> >seems much worse to me than our current approach.  We could end up 
> >making the client wait an indefinite amount of time for little advantage.
> There have been bugs outstanding in mod_proxy v1.3 complaining about 
> this issue - the advantage to fixing this is real.

I believe pre-caching/priming strategies are easier solutions that produce the
same result at a fraction of the cost and effort.

> >The downside of the current approach is that we introduce no performance 
> >penalty to the users at the expense of additional bandwidth towards the 
> >origin server: we essentially act as if there was no cache present at all.
> But we introduce a performance penalty to the backend server, which must 
>  now handle load spikes from clients. This problem can (and has been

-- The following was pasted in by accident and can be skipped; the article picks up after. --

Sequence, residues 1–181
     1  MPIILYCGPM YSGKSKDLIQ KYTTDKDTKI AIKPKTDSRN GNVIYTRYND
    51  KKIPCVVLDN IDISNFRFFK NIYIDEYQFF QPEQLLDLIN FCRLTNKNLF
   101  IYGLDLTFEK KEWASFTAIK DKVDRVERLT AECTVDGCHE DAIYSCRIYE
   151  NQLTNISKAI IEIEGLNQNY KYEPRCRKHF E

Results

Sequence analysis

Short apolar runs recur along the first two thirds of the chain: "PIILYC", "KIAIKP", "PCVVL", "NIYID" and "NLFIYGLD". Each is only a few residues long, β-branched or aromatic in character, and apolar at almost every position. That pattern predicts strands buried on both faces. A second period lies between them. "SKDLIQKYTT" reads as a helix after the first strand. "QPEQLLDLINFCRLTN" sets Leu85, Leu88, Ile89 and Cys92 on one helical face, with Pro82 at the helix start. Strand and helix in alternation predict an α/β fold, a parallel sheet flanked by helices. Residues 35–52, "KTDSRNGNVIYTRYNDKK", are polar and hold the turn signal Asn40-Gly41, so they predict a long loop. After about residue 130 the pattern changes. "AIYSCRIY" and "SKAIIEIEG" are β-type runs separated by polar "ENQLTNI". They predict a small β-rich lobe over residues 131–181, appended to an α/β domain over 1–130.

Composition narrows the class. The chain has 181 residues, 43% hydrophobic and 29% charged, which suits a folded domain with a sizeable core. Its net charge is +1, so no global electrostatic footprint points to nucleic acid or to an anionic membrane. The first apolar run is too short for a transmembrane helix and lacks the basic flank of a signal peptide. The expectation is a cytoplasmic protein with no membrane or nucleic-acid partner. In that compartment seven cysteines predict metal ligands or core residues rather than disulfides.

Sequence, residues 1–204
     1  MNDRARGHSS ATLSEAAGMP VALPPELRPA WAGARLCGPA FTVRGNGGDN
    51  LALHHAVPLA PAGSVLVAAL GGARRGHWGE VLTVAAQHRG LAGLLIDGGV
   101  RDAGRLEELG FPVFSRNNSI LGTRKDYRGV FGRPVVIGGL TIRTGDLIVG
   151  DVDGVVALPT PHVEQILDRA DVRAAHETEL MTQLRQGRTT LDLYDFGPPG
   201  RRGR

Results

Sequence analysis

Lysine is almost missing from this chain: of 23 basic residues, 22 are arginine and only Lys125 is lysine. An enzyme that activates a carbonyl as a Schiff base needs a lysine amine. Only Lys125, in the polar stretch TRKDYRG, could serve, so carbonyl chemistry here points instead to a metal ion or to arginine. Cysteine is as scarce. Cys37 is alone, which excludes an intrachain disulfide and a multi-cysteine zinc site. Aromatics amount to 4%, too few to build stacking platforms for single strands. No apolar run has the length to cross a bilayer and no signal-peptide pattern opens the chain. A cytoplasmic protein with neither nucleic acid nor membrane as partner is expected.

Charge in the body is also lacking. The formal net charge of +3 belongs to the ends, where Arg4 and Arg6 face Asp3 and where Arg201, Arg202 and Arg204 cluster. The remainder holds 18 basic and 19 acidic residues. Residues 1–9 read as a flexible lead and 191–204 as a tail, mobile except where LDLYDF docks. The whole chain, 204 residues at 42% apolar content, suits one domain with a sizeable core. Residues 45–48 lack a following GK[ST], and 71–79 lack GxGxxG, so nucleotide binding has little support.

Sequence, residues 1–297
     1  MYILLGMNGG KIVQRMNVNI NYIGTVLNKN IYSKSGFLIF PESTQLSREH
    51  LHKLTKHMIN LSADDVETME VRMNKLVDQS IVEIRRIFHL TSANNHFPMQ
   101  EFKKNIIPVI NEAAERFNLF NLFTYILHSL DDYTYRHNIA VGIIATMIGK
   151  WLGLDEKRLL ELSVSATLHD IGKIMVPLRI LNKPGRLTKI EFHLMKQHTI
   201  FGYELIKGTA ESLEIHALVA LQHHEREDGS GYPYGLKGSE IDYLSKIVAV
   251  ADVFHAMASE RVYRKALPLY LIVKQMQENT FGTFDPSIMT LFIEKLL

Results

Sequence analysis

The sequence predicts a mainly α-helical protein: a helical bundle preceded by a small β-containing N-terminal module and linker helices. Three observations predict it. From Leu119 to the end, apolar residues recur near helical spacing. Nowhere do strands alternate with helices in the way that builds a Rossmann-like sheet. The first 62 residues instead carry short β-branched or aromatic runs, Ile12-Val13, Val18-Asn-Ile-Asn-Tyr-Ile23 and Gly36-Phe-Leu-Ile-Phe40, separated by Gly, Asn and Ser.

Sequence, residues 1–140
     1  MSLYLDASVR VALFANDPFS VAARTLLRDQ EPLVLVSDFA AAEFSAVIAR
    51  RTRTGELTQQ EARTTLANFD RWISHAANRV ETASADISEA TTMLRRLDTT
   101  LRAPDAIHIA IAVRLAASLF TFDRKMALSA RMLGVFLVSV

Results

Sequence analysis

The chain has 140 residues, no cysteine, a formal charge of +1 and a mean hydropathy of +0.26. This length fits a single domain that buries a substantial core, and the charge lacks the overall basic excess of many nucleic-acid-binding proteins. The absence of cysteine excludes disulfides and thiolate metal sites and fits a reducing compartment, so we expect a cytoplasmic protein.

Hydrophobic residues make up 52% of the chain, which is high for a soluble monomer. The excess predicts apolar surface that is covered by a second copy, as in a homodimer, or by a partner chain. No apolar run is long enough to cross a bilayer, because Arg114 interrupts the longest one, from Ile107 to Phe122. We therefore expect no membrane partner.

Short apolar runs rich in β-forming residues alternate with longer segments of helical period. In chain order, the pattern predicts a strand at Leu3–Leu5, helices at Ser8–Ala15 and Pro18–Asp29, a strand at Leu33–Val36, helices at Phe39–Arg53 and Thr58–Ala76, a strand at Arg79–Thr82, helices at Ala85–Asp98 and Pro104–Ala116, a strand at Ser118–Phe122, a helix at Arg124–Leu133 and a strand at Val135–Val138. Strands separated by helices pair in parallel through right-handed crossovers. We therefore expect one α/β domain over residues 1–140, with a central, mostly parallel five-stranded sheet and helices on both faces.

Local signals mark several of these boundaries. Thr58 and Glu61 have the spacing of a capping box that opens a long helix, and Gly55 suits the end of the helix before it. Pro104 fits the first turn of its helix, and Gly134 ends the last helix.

> reported in the past to) have a significant impact on big sites.

I really bet those big sites probably don't even notice.  If a site is serving
ISO images, one or two clients here or there don't really matter.  The overall
net effect of caching would produce more benefits to this big site than not
having the cache at all.

> >I would rather focus on getting mod_cache reliable than rewriting it all 
> >over again to minimize a relatively rare issue.  If it's that much of a 
> >problem, many pre-caching/priming strategies are also available.  -- justin
> Nobody is expecting a rewrite of the cache, and this issue is definitely 
> not rare. I'll start looking at this when I finished getting the LDAP 
> stuff done.

I think solving this correctly would indeed entail a complete rewrite of the
caching engine.  Anything short of that would likely be a half-hearted
solution that will introduce more bugs than it'll fix.  -- justin